Temperatures have intermittently dipped just below freezing here in good old pure Michigan, and especially in Detroit, making it that much more important to bundle up.
When the body becomes cold, blood vessels, located at distal sites (those farthest from the center of the body), constrict and clamp down. This reaction is in an effort to decrease blood flow and heat loss distally, thereby increasing blood flow and warmth to vital core organs, such as the heart. Unfortunately, this leaves our fingers, nose, ears, and toes susceptible to frostbite!
Follow these helpful dermatology tips to stay warm and reduce the risk of frostbite this winter season. Happy #DermTipTuesday!
1. Dress in layers
The more layers the merrier, including on the feet. The first layer should be waterproof to protect the feet from snow or moisture that may enter the shoe or boot. The second layer should be intended to give added warmth and can then be removed once you reach your destination to avoid overheating. Nice cozy wool socks are not only warm, but make for great stocking stuffers.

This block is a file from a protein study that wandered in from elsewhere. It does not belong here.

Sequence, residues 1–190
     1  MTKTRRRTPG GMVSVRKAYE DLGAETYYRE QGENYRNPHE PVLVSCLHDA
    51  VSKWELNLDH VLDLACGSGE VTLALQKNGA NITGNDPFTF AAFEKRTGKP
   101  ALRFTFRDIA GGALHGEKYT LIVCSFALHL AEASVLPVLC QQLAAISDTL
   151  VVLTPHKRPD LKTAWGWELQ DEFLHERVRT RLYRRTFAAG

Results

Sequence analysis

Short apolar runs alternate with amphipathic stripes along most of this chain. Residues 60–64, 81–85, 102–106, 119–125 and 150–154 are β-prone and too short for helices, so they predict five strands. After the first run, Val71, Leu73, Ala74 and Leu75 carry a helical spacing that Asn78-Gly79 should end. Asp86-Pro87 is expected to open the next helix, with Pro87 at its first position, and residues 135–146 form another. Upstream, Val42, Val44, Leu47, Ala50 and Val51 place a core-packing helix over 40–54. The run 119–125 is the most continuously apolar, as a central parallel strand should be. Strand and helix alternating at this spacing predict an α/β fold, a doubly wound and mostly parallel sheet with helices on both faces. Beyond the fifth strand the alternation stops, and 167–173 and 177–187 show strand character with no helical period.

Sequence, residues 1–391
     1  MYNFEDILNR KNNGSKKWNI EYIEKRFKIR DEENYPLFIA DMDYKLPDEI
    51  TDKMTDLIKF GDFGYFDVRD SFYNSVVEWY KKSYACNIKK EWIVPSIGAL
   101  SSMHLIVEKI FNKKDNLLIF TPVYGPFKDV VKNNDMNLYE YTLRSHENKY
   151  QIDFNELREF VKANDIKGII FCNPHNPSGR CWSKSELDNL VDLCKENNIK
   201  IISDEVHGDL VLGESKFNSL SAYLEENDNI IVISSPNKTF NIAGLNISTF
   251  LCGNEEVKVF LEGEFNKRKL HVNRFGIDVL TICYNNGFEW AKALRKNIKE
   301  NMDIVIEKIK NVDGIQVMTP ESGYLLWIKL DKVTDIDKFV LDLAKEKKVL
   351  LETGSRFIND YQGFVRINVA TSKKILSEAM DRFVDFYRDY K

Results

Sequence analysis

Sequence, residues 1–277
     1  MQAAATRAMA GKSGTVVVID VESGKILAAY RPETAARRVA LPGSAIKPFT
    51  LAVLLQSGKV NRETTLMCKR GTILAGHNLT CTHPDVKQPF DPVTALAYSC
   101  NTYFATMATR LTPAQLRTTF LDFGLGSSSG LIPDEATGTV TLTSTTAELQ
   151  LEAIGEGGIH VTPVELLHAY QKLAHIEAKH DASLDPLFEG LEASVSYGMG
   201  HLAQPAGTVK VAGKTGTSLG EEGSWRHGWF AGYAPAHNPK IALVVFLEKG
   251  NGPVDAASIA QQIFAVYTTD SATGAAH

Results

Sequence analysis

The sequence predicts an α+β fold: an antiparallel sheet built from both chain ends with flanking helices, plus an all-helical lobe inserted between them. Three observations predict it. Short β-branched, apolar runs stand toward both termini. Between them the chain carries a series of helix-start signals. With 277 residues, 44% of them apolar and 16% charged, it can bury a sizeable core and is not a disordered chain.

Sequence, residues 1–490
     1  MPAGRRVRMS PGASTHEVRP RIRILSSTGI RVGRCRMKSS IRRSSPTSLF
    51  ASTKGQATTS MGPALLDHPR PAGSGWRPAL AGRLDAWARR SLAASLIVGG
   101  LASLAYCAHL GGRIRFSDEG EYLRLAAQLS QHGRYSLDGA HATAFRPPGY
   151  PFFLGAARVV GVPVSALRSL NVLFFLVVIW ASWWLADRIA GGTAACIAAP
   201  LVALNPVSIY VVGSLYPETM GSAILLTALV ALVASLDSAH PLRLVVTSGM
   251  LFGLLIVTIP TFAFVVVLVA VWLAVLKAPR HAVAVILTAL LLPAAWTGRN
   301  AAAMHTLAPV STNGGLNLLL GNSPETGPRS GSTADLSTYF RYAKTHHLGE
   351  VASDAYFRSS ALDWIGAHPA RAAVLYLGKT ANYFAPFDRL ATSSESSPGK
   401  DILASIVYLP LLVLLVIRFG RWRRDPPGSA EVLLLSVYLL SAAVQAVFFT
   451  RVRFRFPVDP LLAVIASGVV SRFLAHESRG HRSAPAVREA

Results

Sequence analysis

2. Cover the head, face, and fingers
A hat to protect the ears, scarf or gaiter to protect the face and nose, and insulated gloves for the fingers are all absolute necessities for below zero weather. And luckily, with so many accessory options these days, you don't have to sacrifice fashion for function. Touchscreen gloves, for example, are stylish, practical, and warm; unlike fingerless gloves that are absolutely useless during the winter, unless they are being used for layering.
3. Keep moving
Movement will help maintain blood flow and generate warmth to all areas of the body, including the skin.
4. Don't ignore the signs
Pain is our body's way of alerting us that something is wrong. The initial sypmptoms of frostbite may include a burning, throbbing, or pens-and-needles sensation while a late symptom is numbness. An early sign of frostbite is redness. If you experience any of these signs or symptoms, head indoors immediately for rewarming.
Have more questions? Ask away. Receive an answer from our board-certified dermatologist today for free.